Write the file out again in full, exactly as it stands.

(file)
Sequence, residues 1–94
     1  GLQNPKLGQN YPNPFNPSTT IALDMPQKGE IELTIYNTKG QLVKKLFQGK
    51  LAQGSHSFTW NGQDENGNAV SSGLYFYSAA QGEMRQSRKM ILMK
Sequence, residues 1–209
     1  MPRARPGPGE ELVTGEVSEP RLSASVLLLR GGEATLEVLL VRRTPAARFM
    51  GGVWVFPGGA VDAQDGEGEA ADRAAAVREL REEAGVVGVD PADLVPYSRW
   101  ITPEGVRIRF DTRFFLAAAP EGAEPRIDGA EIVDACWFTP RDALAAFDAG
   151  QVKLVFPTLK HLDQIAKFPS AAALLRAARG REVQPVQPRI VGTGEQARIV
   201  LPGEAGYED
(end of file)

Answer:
Sequence, residues 1–94
     1  GLQNPKLGQN YPNPFNPSTT IALDMPQKGE IELTIYNTKG QLVKKLFQGK
    51  LAQGSHSFTW NGQDENGNAV SSGLYFYSAA QGEMRQSRKM ILMK
Sequence, residues 1–209
     1  MPRARPGPGE ELVTGEVSEP RLSASVLLLR GGEATLEVLL VRRTPAARFM
    51  GGVWVFPGGA VDAQDGEGEA ADRAAAVREL REEAGVVGVD PADLVPYSRW
   101  ITPEGVRIRF DTRFFLAAAP EGAEPRIDGA EIVDACWFTP RDALAAFDAG
   151  QVKLVFPTLK HLDQIAKFPS AAALLRAARG REVQPVQPRI VGTGEQARIV
   201  LPGEAGYED